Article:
Saturday we worked. Dug a new compost heap. Mrs. Curley read a book which recommended digging a hole 2-3 feet deep and then forming the compost heap in layers: compost, grass, manure (if available), dirt, repeat. Hopefully this will work better than it has in the past. Further, with our "new" (using the term very loosely) pickup truck I have the means to retrieve an almost unlimited supply of free horse manure (if I can find that phone number). So next year's garden should be well fertilized and maybe our yield will be better.
We also picked figs on Saturday. We have a neigbor who has a huge fig tree. He can't climb the ladder to pick them anymore, so he asked us over to get as many as we could. He gives some to his sister who makes up some fig preserves for him and her. We came home with a basket full-and are they gooood!. Now we just need some recipes as Mrs. Curley has never done anything with figs before and can't find any recipes in her cookbook.
Sunday, the plan was to be out of the house before dawn, go to Mass in Charleston and then hit the beach. But with overcast skies in the morning and the forecast predicting 40% chance of rain on the coast, we decided to stay home. Since we were all up and ready to go so early though, we went to Mass at another parish (not our own) as they had an early Mass. Coming home, we all got to work on our projects (see this entry). After lunch we had a rehearsal for our play (The Play of St. George, a traditional folk play. See the post linked above also.)-which is coming along nicely. We will probably perform it in a few weeks. Lines are being memorized, sword fights (practically) choreographed, and songs being learned. It is really coming together-and fun for all of us.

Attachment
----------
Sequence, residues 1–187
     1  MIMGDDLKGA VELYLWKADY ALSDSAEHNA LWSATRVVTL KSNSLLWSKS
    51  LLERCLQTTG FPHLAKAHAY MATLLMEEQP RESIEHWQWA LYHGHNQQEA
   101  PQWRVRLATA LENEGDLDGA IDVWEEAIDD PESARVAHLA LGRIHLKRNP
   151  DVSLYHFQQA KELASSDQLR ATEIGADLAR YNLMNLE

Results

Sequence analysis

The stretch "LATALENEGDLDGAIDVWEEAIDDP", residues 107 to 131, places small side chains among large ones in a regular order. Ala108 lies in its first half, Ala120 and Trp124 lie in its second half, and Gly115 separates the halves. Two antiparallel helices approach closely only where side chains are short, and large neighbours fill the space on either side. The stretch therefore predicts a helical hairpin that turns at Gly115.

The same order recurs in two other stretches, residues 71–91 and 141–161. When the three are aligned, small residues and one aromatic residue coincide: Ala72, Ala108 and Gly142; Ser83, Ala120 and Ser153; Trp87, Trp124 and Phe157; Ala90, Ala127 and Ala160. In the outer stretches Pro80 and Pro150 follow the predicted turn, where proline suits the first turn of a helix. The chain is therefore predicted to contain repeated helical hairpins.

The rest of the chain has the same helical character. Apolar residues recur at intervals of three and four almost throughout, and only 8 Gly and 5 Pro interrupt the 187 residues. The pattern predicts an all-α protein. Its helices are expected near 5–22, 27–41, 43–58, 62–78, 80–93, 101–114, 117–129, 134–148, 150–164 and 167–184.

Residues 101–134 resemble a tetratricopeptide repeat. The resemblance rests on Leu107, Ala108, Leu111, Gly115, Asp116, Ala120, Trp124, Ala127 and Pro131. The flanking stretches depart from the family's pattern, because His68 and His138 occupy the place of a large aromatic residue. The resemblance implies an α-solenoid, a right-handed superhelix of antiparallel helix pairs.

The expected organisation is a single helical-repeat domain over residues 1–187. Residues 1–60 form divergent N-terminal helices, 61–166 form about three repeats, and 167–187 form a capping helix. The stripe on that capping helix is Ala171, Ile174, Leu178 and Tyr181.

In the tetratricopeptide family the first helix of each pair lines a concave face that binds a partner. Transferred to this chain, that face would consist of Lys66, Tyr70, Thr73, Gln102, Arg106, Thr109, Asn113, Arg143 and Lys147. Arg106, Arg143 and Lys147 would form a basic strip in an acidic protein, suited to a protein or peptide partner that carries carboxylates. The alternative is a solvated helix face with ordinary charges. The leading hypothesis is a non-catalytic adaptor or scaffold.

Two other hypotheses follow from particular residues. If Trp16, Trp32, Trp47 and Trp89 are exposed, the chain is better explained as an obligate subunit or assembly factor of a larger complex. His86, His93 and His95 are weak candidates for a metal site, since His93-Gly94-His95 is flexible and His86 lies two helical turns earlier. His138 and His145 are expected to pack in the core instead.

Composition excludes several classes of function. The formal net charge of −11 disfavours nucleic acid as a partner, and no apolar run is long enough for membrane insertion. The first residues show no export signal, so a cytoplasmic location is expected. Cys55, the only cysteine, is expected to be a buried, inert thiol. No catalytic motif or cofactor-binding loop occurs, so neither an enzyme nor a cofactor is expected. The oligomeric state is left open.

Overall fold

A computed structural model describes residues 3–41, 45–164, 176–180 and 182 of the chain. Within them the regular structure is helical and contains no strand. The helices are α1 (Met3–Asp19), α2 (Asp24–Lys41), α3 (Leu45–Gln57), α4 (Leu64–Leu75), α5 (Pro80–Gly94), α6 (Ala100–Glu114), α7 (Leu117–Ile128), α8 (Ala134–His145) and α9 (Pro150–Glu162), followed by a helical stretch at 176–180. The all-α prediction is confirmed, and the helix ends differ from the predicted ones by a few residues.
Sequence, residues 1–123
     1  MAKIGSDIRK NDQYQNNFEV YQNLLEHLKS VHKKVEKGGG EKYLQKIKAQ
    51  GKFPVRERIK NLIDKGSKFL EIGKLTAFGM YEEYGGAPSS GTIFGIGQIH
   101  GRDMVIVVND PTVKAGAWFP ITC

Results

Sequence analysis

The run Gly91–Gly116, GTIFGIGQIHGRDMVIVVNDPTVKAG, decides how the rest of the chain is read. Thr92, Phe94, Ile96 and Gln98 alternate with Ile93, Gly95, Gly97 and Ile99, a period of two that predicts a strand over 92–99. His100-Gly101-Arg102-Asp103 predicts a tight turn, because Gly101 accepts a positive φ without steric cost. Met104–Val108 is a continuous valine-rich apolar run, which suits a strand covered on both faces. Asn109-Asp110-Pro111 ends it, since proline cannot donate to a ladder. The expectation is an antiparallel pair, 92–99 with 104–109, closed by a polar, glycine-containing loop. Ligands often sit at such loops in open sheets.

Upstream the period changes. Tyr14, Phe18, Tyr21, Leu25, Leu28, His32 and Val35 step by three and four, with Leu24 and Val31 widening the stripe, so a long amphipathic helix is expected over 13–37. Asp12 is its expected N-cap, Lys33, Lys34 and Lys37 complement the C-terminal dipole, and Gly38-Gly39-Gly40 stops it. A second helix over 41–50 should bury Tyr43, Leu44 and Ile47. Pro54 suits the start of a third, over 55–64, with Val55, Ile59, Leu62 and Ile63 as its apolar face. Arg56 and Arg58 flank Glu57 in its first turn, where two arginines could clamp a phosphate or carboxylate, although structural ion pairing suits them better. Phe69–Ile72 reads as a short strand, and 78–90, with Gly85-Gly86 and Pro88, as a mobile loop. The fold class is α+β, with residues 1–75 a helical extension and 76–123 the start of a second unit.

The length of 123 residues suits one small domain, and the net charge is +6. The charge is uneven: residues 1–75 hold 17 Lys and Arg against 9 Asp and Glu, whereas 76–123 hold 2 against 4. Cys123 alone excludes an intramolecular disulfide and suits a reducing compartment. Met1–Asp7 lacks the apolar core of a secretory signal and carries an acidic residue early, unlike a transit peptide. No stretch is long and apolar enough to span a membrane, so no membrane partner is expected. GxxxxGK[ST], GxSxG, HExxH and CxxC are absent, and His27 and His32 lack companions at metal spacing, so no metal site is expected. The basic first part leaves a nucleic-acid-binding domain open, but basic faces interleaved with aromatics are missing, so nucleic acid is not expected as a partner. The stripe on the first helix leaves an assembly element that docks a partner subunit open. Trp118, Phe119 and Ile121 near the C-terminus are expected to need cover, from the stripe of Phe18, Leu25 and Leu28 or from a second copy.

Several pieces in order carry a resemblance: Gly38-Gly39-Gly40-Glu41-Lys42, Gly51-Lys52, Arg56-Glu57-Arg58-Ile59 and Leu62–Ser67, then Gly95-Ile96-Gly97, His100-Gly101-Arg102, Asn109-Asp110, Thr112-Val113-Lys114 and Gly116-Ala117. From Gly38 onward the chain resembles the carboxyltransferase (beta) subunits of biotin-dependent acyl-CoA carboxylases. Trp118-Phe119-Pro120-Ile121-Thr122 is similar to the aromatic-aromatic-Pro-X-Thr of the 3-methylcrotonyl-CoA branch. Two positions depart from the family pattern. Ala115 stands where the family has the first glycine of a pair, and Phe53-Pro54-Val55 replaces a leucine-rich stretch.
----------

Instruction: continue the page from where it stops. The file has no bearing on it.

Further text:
Finally, to round off the afternoon, we watched the 1920 version of the Mark of Zorro. Starring Douglas Fairbanks, this silent film (in my opinion) has the most character development, best acting, and best action (Mr. Fairbanks does his own stunts) of any Zorro movie/television series I have seen.
Character development? Don Diego/Zorro woes a young lady, but Don Diego is shy in his own persona. He only can express his love (in poetry no less) when speaking from behind the mask.
Except for a comment at the beginning of the movie, calling Oliver Cromwell an enemy of oppression, the movie has some definite 'Catholic' moments. Don't take my word for it-a real movie critic has this to say:
In one striking sequence, a dignified old Franciscan friar, falsely accused of fraud, contemptuously tells the corrupt magistrate, "If I were a supporter of the licentious governor, I would be innocent. I am a robed Franciscan — therefore I am guilty!" The magistrate has the priest flogged for these "treasonous" remarks — an outrage that immediately causes a bystander, well-born but impoverished caballero Don Carlos Pulido (Charles Hill Mailes), to intervene despite the consequences he will surely incur. In a touching scene, we see the priest being carted off to safety, blessing his rescuers with the sign of the cross.
When Zorro hears of the flogging, he is furious. First, he has the magistrate himself flogged in the same manner. Later, turning on a posse of blue-blooded caballeros pursuing him "for sport," he denounces them: "You sit idly sipping wine while the naked back of an unprotesting soldier of Christ is beaten!" This outrage, more than any other, finally turns the tide in Zorro’s favor.
Read the rest of the excellent review of an excellent movie here.
You would think that in this day and age a black and white silent movie (90 minutes no less) would hold no interest for kids (or adults for that matter). I beg to differ. My sister gave us a copy of this movie a year and a half ago. The kids absolutely love it (we've watched it at least 3 times), and Zorro becomes a member of the family for a few days after watching it.